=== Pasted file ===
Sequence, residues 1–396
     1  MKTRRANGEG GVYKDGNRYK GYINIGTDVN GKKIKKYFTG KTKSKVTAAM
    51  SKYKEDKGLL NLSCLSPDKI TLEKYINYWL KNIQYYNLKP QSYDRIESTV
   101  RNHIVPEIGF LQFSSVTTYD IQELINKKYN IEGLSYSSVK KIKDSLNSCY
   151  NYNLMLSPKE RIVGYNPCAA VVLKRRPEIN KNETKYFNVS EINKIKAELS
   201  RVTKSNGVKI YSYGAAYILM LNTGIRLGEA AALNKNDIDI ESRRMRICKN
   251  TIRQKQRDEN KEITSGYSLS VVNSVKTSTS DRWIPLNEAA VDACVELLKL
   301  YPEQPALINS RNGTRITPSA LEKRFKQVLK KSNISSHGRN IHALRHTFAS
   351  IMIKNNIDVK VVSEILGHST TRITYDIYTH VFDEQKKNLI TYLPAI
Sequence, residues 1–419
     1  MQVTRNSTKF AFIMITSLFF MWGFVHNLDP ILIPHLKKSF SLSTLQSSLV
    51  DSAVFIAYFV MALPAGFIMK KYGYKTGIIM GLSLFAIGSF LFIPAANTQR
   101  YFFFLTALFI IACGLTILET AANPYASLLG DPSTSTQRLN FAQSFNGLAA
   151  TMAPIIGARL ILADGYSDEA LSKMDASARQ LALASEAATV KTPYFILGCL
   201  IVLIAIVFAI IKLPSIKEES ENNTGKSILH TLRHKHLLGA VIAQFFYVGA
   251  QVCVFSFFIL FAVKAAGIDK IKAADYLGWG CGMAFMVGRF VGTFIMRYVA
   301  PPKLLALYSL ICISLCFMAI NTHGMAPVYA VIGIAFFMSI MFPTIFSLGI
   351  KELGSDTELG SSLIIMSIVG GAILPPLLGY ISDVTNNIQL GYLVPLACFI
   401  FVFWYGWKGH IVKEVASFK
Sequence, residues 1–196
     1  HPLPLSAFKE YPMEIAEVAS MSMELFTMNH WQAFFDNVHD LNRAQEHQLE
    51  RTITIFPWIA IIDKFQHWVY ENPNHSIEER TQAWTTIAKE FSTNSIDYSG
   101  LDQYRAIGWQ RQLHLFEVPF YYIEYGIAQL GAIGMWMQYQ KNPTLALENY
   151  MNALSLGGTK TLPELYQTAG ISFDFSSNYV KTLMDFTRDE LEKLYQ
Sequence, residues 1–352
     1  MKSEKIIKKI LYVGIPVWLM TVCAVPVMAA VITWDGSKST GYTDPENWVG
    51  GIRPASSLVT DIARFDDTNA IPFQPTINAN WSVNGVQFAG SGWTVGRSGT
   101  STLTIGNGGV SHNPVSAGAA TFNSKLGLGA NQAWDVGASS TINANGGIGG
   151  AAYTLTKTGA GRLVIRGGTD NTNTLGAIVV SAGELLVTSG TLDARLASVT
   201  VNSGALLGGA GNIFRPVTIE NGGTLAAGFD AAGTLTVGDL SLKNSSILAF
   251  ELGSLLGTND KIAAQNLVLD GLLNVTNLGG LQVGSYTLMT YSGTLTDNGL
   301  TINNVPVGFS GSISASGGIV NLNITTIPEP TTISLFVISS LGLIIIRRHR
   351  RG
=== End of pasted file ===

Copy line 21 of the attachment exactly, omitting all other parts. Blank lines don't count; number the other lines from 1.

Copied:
     1  HPLPLSAFKE YPMEIAEVAS MSMELFTMNH WQAFFDNVHD LNRAQEHQLE